As coverage begins for high-risk uninsured, Connecticut still works to ‘get this right’
WASHINGTON–The federal government announced Wednesday that Connecticut and more than two dozen other states will get millions of dollars over the next three years to create a new health insurance program for people who have been shut out of the insurance market because of serious health problems.
But Connecticut isn’t ready to start accepting applications from prospective patients just yet.
David Dearborn, a spokesman for Connecticut’s Department of Social Services, said the launch of the program, which had been expected today, is uncertain because of a concern that the premiums are too high. Dearborn said he did not know how much those premiums were.
However, a press release sent out Wednesday from the federal Department of Health and Human Services says that Connecticut residents can expect to pay between $436 and $1,485 per month to get insurance under the new program.
That press release was likely “premature because there’s been no decision by the state of Connecticut,” said Dearborn. “There is no decision yet on time frame of when we will be able to offer this to the public.”
Keith Maley, a spokesman for HHS, said, “We expect Connecticut to begin accepting applications in the month of July and the premiums are still being decided.”
The confusion about when and how the program will operate was not what the Obama Administration had in mind as it touted this new benefit, part of the sweeping health care reform law.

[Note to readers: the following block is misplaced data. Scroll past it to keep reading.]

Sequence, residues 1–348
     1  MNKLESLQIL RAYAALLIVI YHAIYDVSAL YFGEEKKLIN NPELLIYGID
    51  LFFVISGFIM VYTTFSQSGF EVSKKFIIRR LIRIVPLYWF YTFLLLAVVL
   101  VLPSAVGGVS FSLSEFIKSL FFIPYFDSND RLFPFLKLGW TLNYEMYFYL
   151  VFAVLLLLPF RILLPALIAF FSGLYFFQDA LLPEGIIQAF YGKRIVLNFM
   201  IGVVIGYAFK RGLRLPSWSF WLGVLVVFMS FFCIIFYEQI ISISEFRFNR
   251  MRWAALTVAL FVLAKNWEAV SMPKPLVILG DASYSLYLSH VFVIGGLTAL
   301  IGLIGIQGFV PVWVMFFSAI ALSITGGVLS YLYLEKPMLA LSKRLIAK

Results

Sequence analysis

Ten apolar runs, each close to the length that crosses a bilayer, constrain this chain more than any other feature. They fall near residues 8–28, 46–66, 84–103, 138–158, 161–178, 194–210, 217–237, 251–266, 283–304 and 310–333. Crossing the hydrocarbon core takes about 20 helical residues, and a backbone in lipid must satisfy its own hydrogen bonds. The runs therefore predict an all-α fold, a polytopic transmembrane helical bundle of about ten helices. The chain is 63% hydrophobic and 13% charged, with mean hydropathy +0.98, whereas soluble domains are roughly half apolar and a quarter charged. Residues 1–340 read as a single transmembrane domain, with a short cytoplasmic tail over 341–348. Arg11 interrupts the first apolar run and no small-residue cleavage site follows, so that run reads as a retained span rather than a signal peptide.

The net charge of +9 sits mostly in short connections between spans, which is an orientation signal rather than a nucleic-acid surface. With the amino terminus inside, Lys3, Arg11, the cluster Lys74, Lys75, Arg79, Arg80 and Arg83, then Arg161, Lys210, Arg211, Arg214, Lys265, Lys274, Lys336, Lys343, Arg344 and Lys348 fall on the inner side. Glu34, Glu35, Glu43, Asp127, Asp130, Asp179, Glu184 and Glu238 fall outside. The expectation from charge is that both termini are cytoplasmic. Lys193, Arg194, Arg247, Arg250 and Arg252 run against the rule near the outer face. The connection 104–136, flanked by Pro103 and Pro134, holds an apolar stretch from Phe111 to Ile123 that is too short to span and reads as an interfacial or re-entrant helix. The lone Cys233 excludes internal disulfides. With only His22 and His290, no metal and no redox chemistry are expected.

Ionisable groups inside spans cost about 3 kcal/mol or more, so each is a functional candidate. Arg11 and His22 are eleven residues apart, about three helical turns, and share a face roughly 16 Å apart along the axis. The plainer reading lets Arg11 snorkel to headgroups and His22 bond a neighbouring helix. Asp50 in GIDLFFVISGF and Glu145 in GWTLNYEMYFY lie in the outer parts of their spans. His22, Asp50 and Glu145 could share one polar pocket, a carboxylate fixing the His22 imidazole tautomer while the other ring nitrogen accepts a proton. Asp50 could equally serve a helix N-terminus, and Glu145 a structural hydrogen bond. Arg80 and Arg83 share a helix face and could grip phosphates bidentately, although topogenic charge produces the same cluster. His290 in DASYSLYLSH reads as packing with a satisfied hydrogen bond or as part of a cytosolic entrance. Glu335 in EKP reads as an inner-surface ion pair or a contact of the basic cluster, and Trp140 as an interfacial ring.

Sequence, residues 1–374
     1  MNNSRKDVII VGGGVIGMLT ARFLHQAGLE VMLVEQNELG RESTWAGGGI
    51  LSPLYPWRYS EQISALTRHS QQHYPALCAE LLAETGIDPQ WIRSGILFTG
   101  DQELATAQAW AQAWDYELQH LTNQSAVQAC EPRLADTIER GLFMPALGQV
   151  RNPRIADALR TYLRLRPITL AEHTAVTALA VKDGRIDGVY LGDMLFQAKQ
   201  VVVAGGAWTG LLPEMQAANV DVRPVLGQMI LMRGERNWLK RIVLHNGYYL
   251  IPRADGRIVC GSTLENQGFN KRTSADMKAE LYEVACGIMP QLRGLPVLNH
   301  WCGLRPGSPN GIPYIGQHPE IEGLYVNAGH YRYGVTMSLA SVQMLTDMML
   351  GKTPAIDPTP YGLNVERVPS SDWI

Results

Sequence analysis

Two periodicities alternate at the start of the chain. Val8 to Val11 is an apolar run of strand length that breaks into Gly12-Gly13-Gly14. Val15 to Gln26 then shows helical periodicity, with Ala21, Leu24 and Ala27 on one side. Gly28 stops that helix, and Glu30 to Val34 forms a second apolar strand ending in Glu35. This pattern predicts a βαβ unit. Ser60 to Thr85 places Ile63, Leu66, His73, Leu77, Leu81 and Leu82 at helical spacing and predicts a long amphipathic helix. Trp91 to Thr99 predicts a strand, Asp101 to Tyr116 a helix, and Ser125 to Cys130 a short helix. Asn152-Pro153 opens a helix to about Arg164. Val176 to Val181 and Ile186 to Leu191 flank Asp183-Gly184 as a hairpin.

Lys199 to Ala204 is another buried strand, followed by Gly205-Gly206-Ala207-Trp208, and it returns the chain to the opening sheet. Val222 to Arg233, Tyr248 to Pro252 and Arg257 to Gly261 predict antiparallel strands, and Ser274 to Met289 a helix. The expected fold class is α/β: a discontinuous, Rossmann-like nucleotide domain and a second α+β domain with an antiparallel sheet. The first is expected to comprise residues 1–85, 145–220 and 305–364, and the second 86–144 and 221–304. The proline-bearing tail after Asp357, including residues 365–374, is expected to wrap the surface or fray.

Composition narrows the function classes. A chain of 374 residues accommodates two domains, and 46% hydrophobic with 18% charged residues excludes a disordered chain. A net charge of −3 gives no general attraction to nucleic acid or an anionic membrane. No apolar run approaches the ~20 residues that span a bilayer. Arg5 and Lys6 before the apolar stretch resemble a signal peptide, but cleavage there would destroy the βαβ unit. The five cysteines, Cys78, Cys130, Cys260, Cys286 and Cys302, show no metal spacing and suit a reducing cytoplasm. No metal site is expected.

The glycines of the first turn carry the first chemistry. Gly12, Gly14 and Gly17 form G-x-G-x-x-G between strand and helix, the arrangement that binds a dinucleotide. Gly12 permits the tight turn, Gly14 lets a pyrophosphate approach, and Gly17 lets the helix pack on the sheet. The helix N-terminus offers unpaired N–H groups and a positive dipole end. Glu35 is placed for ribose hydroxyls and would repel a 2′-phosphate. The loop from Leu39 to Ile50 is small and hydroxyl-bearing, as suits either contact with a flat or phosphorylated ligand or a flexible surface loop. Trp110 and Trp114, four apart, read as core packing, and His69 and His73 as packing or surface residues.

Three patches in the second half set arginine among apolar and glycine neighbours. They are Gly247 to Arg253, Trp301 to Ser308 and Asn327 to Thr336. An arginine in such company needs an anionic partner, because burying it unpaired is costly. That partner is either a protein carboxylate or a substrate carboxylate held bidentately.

Under that measure, Congress established a $5 billion pot of money to create these new “high-risk insurance pools,” designed to provide health coverage for people who have pre-existing health conditions, such as cancer, AIDS, or diabetes, and who have been without insurance for at least six months.
Connecticut is one of more than two dozen states opting to set up its own high-risk pool. Twenty-one other states will allow the federal government to run the high-risk pools for them.
Officials in Washington and Hartford said the conflicting information about when Connecticut’s program would get off the ground would likely be clarified soon.
“We’re considering the next step and the timeframe because we want to get this right,” Dearborn said. “The governor and the [DSS] commissioner do not want to have a program that would prevent the participation and stop people from enrolling” because it costs too much.
“The emphasis here is getting an affordable product as an option for people with pre-existing conditions–not who administers the program or exactly when it rolls out,” Dearborn added.
Lawmakers in Congress included the high-risk insurance provision as a stop-gap measure until 2014, when insurance companies will be barred from denying coverage to customers with pre-existing medical conditions and will be required to charge those patients standard rates.
“This is a bridge that will provide help now … to those who have been locked out of the current health care system by private insurers,” Jay Angoff, director of the Department of Health and Human Services’ Office of Consumer Information and Insurance Oversight, said in a conference call with reporters on Wednesday.